It turns out the Freedom of Information Act somehow does not cover the judicial branch at all in New Hampshire, so you have to rely on the New Hampshire Constitution instead:
I am responding to your communications to Chief Justice Nadeau requesting speedy trial reports for Belknap County from November 1, 2020 to present. You cite RSA 91-A as the basis for your request. Please be advised that the New Hampshire Judicial Branch is not subject to RSA 91-A, but rather responds to request for information in accordance with Part I, Article 8 of the New Hampshire Constitution. There are no documents responsive to your request as reports have not been prepared during the period that the COVID-19 pandemic has been ongoing.
I had to send a certified letter to get that response, and I included a bumper sticker for this very site in the envelope. Both asking Judge O'Neill for a trial to be scheduled and asking Judge Tina Nadeau for documentation regarding the speedy trial calendar appears to be ruffling the right feathers so far. My response to the above admission probably greased the wheels of justice more than any other factor:
Date: Fri, Dec 31, 2021 at 11:00 AM
Subject: Re: Right to Know Request
To: Mary Ann Dempsey <MDempsey@courts.state.nh.us>
To implement the Superior Court policy on speedy trial, the Chief Justice of the Superior Court shall require the clerks to prepare and maintain a speedy trial report. In addition, the Chief Justice shall annually designate a justice to be the criminal case monitoring justice to oversee the policy in each court as of April 1 of each year. The Chief Justice as well as the criminal case monitoring justice will receive a copy of the monthly speedy trial report by the seventh day of each month. In consultation with the clerk of that court, the criminal case monitoring justice shall be responsible to see that the speedy trial policy is being adhered to and in addition to see that the criminal docket is arranged so as to avoid the 4 month and 9 month “show cause” hearings to the maximum extent possible through the case scheduling process. The monthly monitoring reports shall list in numerical sequence all active criminal cases pending for longer than 3 months, that is those not dismissed, nol prossed or in which sentences have not been imposed. The clerk of each court shall provide the senior presiding justice in that court with copies of the monthly monitoring reports.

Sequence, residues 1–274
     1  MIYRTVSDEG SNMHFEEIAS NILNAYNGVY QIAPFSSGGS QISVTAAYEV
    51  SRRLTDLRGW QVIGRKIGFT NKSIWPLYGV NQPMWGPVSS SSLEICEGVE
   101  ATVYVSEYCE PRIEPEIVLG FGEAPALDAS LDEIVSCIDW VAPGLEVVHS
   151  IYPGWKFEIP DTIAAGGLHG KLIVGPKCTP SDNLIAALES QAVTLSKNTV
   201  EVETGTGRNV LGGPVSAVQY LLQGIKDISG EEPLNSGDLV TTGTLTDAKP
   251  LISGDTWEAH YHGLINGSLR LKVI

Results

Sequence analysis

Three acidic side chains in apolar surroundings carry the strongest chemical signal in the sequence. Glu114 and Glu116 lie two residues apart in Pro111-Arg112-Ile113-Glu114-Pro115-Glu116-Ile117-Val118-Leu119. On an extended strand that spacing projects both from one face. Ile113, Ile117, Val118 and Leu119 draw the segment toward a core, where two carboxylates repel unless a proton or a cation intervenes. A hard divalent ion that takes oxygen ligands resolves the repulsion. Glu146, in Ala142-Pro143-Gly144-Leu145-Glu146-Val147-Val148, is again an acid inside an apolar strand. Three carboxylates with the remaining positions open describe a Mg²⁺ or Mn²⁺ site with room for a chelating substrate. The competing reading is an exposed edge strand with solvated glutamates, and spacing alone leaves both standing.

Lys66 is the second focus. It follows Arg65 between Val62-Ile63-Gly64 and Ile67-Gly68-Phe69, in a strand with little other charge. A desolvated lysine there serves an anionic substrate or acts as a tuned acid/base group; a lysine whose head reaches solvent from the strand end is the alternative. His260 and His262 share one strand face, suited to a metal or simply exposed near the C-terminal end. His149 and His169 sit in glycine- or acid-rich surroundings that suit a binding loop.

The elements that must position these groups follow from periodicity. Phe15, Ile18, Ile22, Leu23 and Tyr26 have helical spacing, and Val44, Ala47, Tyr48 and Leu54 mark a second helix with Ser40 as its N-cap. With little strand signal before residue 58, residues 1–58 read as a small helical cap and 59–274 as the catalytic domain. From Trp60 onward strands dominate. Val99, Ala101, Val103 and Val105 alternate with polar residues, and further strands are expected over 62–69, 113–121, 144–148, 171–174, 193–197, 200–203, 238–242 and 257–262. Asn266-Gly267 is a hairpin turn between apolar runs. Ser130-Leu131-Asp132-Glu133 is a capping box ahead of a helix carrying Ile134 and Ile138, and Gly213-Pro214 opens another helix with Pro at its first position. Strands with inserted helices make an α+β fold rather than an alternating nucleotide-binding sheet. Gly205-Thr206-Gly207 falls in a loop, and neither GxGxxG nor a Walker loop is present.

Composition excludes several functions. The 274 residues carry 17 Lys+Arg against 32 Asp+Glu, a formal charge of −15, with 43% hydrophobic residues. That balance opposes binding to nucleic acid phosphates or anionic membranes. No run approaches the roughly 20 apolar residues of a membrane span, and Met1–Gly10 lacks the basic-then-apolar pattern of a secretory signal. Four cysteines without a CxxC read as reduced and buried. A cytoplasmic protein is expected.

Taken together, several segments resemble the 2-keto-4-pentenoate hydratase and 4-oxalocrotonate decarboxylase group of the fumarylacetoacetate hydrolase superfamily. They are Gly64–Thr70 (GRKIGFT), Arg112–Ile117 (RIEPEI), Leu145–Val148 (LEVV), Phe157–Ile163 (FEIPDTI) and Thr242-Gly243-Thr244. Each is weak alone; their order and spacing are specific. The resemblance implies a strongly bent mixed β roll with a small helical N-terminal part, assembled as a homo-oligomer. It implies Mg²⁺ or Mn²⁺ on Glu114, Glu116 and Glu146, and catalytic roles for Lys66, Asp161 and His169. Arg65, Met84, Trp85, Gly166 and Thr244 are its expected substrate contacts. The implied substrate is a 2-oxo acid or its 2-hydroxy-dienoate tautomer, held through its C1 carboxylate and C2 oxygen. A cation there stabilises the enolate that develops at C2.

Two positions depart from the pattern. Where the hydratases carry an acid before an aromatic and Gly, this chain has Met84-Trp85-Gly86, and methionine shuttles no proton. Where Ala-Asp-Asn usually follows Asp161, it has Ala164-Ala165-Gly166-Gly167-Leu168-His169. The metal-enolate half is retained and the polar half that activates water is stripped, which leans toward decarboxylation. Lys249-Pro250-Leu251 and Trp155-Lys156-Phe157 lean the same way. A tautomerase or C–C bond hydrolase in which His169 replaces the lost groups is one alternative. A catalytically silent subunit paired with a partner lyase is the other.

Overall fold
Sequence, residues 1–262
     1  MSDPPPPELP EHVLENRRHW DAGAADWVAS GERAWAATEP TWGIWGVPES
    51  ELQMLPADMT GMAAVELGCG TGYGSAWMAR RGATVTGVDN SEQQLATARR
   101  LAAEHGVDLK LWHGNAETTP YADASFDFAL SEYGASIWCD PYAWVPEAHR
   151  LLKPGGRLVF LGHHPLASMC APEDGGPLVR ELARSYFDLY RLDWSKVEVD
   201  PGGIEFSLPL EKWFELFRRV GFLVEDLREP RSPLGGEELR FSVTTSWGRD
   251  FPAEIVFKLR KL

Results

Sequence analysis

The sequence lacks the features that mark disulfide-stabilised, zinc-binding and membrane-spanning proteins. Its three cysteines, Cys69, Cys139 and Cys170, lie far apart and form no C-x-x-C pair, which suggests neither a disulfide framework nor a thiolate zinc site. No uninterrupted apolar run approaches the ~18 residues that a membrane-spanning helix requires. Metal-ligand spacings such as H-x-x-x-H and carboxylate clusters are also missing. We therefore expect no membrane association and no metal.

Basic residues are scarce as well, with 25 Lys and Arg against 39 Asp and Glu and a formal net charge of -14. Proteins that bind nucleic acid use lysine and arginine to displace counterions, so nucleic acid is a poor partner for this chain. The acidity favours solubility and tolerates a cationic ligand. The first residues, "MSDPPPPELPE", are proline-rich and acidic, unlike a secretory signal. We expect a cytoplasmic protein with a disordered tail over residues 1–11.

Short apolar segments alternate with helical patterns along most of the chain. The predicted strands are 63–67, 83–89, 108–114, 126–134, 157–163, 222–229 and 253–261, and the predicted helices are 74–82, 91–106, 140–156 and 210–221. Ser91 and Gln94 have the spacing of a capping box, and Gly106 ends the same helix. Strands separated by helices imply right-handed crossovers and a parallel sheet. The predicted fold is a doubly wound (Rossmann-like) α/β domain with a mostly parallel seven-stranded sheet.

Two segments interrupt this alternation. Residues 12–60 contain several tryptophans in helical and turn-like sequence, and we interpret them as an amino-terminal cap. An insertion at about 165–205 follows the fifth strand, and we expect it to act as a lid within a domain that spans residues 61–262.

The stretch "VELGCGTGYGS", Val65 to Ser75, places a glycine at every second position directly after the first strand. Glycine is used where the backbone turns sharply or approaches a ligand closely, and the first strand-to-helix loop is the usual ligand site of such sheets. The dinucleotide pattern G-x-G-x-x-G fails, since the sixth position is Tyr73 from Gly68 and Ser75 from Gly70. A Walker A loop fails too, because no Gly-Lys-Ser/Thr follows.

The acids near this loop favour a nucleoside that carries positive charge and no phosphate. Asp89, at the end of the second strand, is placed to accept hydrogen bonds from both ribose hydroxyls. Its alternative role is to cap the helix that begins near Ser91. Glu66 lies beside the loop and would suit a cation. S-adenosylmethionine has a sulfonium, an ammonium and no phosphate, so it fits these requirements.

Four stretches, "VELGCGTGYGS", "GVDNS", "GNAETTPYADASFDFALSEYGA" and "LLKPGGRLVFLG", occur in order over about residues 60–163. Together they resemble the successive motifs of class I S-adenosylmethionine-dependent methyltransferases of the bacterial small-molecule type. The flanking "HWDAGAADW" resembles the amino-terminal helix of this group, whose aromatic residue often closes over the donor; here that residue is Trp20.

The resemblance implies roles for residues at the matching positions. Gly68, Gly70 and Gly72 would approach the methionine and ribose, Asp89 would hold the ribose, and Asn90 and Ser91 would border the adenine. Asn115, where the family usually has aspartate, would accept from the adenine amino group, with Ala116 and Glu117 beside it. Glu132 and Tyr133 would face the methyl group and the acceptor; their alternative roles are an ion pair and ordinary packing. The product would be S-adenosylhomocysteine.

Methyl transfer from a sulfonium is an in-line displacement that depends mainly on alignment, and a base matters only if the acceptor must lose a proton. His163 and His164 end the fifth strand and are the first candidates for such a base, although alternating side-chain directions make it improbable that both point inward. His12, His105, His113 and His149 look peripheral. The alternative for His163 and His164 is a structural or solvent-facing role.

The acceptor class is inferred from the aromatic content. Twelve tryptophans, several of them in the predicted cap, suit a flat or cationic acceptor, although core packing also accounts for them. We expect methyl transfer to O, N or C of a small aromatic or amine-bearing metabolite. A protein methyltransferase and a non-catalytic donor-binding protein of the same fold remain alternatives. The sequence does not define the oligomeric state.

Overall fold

On a quarterly basis the Chief Justice of the Superior Court shall ensure that the speedy trial reports from all ten counties are available electronically to the Chief Justice of the Supreme Court to assist the Chief Justice of the Supreme Court in determining what changes, if any, may be necessary in the monitoring process.
Does this mean the judiciary in this state is using the Pandemic as an excuse to deny countless people awaiting trial their civil rights? The underlined portion above stipulates the monitoring process can be changed, but there is no language in the policy that allows for suspension of the policy for any reason. This policy is codified by the Supreme Court case it cites. A local court should not be able to ignore established Supreme Court precedent law for any reason, and the state is opening itself up to countless "violation of civil rights" lawsuits if this attitude persists. The moment an effective 1st Circuit Court appeal is granted on a case involving this unconstitutional blanket denial of speedy trial rights, the floodgates for civil lawsuits will open.